The Day After

TM8397 The Day After 30x36 oil on panel

TM8397 The Day After 30×36 oil on panel

Ok, sometimes the view is utterly romantic and you just have to run with it. This painting is of my favorite pond the morning after a storm.  The lilies were knocked around a bit, and lost a few petals, which only added grace notes to the composition. One reward of visiting a place almost daily is the chance discovery of something out of the ordinary. I call it the telling detail – an observed fact that sets a context for the whole and reinforces the reality of the place and the painting. I hunt for these details with my camera – the perfect falling leaf, the torn petal, the frowsy lily – all have something special to say when placed in a painting. Enjoy! Details below.

TM8397 The Day After (detail lily pads and flower, left foreground)

TM8397 The Day After (detail lily pads and flower, left foreground)

TM8397 The Day After (detail of lily, reflections, and floating petals)

TM8397 The Day After (detail of lily, reflections, and floating petals)

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5 thoughts on “The Day After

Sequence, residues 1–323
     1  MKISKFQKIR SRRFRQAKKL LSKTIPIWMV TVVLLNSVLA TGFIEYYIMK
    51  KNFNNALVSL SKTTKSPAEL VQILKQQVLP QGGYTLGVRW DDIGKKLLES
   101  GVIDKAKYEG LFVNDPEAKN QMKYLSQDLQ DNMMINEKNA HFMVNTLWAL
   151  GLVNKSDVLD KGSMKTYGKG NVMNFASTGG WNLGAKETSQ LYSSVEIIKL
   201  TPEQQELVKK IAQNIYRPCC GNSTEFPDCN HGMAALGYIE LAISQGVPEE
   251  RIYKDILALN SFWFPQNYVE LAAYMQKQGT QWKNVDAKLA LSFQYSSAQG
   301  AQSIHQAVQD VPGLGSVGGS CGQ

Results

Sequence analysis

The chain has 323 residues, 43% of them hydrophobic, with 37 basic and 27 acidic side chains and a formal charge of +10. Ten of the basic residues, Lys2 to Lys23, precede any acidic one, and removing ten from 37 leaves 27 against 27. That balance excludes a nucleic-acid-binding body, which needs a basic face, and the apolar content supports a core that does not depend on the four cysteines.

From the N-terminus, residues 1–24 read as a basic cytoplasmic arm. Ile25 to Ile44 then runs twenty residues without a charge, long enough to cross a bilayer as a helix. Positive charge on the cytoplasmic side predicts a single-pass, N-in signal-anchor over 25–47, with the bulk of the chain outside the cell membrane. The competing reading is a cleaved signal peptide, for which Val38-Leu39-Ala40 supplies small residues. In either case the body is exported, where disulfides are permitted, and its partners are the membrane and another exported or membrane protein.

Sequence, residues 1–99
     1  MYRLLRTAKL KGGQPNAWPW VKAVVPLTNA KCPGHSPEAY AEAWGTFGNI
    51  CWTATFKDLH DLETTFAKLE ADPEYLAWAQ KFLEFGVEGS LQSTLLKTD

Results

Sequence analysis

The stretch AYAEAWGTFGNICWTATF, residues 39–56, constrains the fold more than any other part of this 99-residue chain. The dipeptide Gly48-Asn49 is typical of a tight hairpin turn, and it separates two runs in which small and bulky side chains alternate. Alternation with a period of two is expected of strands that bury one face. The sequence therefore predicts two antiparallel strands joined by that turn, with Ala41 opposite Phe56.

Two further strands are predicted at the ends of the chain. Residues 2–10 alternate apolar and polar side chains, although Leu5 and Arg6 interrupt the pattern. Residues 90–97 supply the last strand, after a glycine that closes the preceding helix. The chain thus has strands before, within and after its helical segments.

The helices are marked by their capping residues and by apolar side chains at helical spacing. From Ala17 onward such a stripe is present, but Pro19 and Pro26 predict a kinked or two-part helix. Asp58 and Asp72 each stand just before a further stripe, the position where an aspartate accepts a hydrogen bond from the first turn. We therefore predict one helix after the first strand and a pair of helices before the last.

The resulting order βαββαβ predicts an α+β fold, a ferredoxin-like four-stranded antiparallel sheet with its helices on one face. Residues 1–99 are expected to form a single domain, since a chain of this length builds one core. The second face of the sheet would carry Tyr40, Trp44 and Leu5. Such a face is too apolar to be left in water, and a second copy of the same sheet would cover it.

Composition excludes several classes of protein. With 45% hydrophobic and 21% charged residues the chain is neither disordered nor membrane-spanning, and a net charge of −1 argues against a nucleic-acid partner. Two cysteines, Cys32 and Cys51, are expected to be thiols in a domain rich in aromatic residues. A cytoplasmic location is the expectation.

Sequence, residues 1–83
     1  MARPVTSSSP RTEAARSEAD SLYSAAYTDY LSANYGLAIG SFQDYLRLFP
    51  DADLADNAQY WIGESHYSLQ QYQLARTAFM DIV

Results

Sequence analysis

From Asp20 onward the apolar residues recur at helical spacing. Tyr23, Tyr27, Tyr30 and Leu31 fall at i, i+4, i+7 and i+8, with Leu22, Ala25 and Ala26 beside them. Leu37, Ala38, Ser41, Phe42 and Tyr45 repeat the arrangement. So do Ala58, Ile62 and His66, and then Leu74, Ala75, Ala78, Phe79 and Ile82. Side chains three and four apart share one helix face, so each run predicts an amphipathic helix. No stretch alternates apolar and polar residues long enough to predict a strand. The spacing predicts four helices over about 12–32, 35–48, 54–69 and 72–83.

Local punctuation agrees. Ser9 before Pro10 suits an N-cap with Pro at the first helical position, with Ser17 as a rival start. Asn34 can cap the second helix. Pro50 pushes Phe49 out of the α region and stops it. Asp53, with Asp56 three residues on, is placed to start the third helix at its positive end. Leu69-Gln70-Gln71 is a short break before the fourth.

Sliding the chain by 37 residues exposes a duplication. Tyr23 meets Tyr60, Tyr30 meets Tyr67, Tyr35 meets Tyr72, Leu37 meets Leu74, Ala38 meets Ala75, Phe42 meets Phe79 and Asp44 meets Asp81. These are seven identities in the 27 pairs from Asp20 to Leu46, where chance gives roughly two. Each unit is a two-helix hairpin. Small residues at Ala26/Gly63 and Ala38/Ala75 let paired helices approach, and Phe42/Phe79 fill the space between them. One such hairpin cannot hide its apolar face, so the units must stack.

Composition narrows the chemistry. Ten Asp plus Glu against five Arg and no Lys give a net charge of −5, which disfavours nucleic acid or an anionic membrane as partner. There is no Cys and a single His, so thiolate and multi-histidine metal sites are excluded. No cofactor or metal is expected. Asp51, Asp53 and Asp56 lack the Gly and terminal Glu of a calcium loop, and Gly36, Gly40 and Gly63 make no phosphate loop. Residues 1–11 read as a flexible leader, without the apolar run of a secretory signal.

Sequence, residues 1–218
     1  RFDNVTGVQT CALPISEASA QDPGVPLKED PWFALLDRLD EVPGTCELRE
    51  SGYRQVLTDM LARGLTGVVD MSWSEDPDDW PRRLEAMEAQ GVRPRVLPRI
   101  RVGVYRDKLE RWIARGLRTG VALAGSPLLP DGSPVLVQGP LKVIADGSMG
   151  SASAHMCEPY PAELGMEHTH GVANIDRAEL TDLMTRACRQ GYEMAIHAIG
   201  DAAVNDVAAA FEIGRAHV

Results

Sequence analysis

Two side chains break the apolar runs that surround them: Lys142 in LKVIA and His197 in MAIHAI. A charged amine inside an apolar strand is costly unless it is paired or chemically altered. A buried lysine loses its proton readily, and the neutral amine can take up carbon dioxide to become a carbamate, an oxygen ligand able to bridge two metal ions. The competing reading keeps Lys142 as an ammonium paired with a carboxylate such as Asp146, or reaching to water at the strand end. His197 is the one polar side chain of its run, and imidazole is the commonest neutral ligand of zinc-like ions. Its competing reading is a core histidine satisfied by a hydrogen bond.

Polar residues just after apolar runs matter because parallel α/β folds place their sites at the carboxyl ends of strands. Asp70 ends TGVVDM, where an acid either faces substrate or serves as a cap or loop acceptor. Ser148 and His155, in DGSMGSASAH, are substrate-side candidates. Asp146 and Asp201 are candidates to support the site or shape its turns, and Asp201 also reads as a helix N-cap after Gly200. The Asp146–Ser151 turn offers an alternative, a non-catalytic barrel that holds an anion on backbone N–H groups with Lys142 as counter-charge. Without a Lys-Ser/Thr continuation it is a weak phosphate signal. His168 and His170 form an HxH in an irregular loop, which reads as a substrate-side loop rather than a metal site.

1. God, Teri, these new pieces are so gorgeous / you are a “painters painter” and I especially love the deep dark colors as a contrast to the brights….just beautiful !

    Warmly, Mark

    • Thanks Mark – that means a lot coming from you. The pondscapes seem to have opened a new way to think about painting and color (for me). Sometimes I wish I had two bodies and 48 hours in the day so I could try more approaches to painting this new subject. I’m sending a huge show down to Sono Galerie in Connecticut next month – got my fingers crossed…

    • Thank you. I think Monet used the water lilies as an excuse to pursue more abstract art – he was most interested in the space between the lilies. I might be doing the same, though I’m trying to respect the intergrity and individuality of the lilies. It’s all an experiment!

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